The second problem was the approach to an extension. Sources indicate that all leaders present at an all-party meeting, including NC’s Sher Bahadur Deuba, Ram Chandra Poudel, Krishna Prasad Sitaula and Bimalendra Nidhi, agreed to a three-month extension of the CA on May 22. Unfortunately, the NC and UML backed out of the agreement. If the political class had been unified on the matter, and presented new facts to the SC about how all other issues had been settled and they needed time only for federalism, the verdict may have been different. Their opposition, as well as the editorial line taken by influential papers, created the mood against an extension. If the legislature had stood together, there were several ways to counter the judiciary. The same parties who opposed it, today seem to be realising this was a political blunder. It has left an unaccountable Maoist-led government in place; there is no parliament to keep it under check; and they lack the street power to oust it. Many in these parties are seeking reinstatement of the CA now. One only wishes they had shown the same initiative to save it when it still existed.
The third problem was on the final two days of the negotiations. Serious negotiations on federalism just did not take place. Make no mistake—the NC and UML were very clear that this was too contentious an issue, there was no time, and it had to be left for the transformed parliament. The Madhesis and Janjatis had zilch trust about these assurances and had decided that it would be unacceptable. It is too much to expect from the UML, but the NC also made no efforts to reach out to the Morcha and provide them firm guarantees and determine principles on which the parliament would decide the federal structure. They thought India would lean on the Madhesis to give in. India seems to have decided to stay out in the final phase of negotiations and leave it to internal dynamics. All of NC and UML’s present anger against India is that Delhi did not pressure Madhesis to commit political suicide by giving up federalism. This stems from the same mindset of seeing the Madhesi parties as mere Indian pawns, with no agency and agenda of their own.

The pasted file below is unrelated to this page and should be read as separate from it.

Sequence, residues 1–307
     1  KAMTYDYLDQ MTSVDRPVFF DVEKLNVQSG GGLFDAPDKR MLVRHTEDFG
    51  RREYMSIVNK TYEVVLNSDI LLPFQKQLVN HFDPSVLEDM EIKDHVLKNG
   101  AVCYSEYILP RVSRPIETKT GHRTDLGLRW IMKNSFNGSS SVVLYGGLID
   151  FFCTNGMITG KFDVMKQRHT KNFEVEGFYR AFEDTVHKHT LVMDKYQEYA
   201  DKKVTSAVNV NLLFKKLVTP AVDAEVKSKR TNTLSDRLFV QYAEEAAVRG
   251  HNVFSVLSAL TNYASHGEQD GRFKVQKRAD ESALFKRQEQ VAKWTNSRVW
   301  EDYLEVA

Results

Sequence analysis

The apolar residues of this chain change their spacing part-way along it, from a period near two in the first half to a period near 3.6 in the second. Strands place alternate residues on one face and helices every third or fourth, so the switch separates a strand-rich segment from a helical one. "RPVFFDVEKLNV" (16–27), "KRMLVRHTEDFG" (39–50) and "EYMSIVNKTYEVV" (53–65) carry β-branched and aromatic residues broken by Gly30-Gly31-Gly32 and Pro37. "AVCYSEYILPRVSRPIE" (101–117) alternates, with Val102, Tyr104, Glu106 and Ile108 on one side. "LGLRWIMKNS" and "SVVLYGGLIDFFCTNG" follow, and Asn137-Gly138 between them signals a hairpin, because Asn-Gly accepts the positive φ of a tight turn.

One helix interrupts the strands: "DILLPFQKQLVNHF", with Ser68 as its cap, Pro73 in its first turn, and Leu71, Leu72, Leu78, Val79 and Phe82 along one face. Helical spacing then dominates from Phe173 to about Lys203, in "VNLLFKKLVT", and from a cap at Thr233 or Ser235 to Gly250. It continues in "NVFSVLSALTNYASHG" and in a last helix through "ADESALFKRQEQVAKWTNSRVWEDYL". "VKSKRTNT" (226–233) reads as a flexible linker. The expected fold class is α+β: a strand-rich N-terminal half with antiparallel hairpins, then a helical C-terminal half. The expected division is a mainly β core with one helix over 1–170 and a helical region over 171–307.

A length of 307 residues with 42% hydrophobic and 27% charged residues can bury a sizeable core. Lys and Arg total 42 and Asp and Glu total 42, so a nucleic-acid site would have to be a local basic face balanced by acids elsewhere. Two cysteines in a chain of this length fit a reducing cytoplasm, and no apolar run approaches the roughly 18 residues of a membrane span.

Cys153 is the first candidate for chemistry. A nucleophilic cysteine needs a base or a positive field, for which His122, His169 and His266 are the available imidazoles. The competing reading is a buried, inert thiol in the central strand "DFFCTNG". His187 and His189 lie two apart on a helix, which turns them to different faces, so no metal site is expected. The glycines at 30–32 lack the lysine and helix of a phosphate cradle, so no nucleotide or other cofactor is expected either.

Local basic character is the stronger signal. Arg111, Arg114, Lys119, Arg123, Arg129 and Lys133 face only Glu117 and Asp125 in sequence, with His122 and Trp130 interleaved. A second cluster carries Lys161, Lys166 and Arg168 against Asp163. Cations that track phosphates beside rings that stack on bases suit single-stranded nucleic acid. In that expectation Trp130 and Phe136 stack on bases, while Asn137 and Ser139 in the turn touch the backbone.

All of this has landed us in the current mess. The ideal solution would be for the parties to get together, manufacture that elusive commodity called ‘consensus’, and decide on the future roadmap. But this does not appear likely for the foreseeable future. The mistrust and bitterness is too deep; the interpretations of the recent events are too much at variance for them to find common ground. A certain phase of tension, protests, and polarisation is inevitable. It is difficult to see NC and UML joining this government immediately, and it is as difficult to envisage a situation where the Maoist-Madhesi government gives way. The situation will only become ripe for a settlement when two things happen—if older parties realise they have made grave miscalculations, change their mindset and realise that the Madhesi and Janajati issue cannot be put back in the bottle, and get out of the self-righteous hole they have dug themselves in. And if the Maoist leadership, especially Prachanda, calculates that the present stalemate is yielding diminishing returns and is delaying his personal political ambitions. Till then, brace yourselves for a prolonged deadlock, with almost no chance of elections in November.
Posted on: 2012-06-06 08:38